Thursday, April 05, 2012

Visiting Our Lake

































This was a field trip I've been anticipating since last spring. Not the specific destination of The Center for Wooden Boats, but the general orientation toward Lake Union itself. Last May I wrote a series of pieces (It's a Story That Will Take a Few Days to Tell, Let Your Fingers Touch the Water, and The Center of the Universe) inspired by my family's move to the south end of this urban lake, followed a few months later by our school's move to our current home in Fremont at its north end.


We already knew by this time last year that the school needed to move elsewhere. I think we'd already started talking to our friends at the Fremont Baptist Church, from whom we now lease rooms, but nothing was finalized until mid-May. We were moved by the first week of June, a monumental task for our community, one that called all hands on deck and included the building of our new outdoor classroom in time for the start of our summer sessions. There have been times when we've looked around during the past couple months and wondered why we've not made more progress on things like building our new teaching garden or erecting more walls to turn our windmill into a proper play house, but yesterday as we made our first foray as a community to the actual shores of the lake, I was reminded that we, by all rights, ought to be still catching our collective breaths.


As we waited on a Fremont sidewalk for the bus that would loop us around to the south end of the lake, several of the children pointed out the sculpture, Waiting For The Interurban.


They reminded me that I recently suggested, as an aside, that we walk down there one day and join the tradition of dressing the figures who perpetually wait there.


I guess we need to get talking about how we want to dress them.


Our bus, when it came, carried us across our blue and orange bridge with a neon Rapunzel residing in one of the towers. I was sitting with Gray who informed me as we bounced across its grated surface, "This is a opening up bridge."


"That's right. It's a drawbridge," I said. I was reminded of how the children pointed out so much that was familiar and exciting to them during our long walk to tour our Theo's Chocolate Factory a few months back. Maybe they would have become such experts about these things without our move here to Fremont, but we most certainly wouldn't share the knowledge the way we do now.


There is really no way to get around our new urban neighborhood without having to negotiate traffic, but it's something children being raised in a city need to learn about. It felt a little harrowing crossing the busy Westlake Avenue to get to South Lake Union Park, where we discussed goose poop in the grass and the coots we scared into the water as we approached.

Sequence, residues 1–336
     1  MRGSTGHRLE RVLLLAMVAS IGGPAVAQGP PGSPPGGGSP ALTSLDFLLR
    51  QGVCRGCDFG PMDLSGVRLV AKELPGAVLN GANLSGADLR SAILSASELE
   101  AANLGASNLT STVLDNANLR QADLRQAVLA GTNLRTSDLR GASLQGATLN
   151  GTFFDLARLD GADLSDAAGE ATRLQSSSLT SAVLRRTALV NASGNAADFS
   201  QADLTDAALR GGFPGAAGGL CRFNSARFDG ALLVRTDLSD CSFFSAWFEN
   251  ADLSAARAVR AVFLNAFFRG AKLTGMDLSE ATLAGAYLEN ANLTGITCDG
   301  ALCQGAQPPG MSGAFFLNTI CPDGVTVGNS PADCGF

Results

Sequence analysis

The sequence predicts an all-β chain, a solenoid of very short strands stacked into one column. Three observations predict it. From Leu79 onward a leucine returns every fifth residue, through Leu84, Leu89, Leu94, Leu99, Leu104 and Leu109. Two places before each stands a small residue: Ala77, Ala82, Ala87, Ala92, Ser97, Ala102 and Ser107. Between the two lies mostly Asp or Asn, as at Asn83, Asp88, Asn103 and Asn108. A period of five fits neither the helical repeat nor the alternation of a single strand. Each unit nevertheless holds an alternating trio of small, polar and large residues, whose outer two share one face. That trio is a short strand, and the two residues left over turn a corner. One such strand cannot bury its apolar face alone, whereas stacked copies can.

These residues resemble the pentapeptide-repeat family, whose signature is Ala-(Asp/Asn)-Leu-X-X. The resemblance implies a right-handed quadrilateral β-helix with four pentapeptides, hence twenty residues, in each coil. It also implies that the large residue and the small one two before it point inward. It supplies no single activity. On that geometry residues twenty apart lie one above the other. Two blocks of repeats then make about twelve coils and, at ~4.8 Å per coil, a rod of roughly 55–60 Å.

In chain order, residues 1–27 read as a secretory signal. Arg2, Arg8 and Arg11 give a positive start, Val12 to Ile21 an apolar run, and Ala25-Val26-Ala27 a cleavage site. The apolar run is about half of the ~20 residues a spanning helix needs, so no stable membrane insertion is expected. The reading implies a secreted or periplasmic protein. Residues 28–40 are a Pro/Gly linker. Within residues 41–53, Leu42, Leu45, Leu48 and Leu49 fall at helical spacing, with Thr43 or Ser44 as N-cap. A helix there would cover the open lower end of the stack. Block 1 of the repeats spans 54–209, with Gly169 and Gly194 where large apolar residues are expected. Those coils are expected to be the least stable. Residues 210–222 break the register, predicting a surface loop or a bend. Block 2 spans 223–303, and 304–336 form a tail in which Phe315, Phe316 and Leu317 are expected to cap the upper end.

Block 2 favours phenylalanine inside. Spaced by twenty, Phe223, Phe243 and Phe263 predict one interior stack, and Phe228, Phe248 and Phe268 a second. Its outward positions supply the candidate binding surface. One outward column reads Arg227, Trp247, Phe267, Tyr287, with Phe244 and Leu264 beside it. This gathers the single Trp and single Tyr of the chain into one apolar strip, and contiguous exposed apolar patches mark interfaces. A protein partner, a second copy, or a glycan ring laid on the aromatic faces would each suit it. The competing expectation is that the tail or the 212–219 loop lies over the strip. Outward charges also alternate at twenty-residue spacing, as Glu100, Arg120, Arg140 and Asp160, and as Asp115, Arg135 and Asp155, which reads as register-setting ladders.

We'd cut the timing close so there was no time to horse around before walking onto the docks and floating structures that make up The Center for Wooden Boats, an educational facility for all ages that provides "a gathering place were maritime history comes alive through direct experience and our small craft heritage is enjoyed, preserved, and passed along to future generations." You can rent wooden sailing vessels there, learn to build your own wooden boats, or just drop by on Sunday afternoons for free sailing on one of their larger vessels.


We were expected to wear life vests since we were walking around on slippery, narrow floating docks. In this city in which water plays such an important part, learning to be both safe and comfortable around water is an important part of our education.


We clambered aboard one of the larger sail boats, where our guide Lucy urged us to talk about what we could hear, feel and smell.


We watched a sea plane take off from the lake's surface. The adults chaperoning this trip, all of us, were hyper-alert, constantly catching kids by their belt loops. I kept running through in my mind whether or not I'd have time to drop my first aid back pack before jumping in to rescue a kid. I'm sure all of us were thinking similar thoughts. We warned the children many times, but falling in the water was the farthest thing from their minds, even as we leaned out over it to touch it with our fingers.


We were definitely relieved when we returned to the wider part of the docks and went inside one of the buildings for a story time, then a session building our own wooden boats.


I was proud of how competent we were with our hammers and drills.


We've had quite a bit of practice at school, so it was exciting to see the kids take on the challenge, safely, in a new environment.




It was also gratifying to see our parent-teachers dropping to their knees, themselves experienced in assisting young children in using these tools.


It probably also helped our competence that we have hundreds of these wooden boat blanks back at school with which we've been fiddling these last few months. I was reminded that one of my "field trip" ideas had been to make our own wooden boats, release them in the canal that flows under the Fremont Bridge, then attempt to follow their progress as we walk together along the banks.



And then it was time to go. We left ourselves enough time to stop by the concrete pond built specifically for the purpose of sailing toy boats.



No one fell in. All of our boats floated.





We then packed ourselves up and once more harrowed the traffic to return to our still new home at the Center of the Universe.




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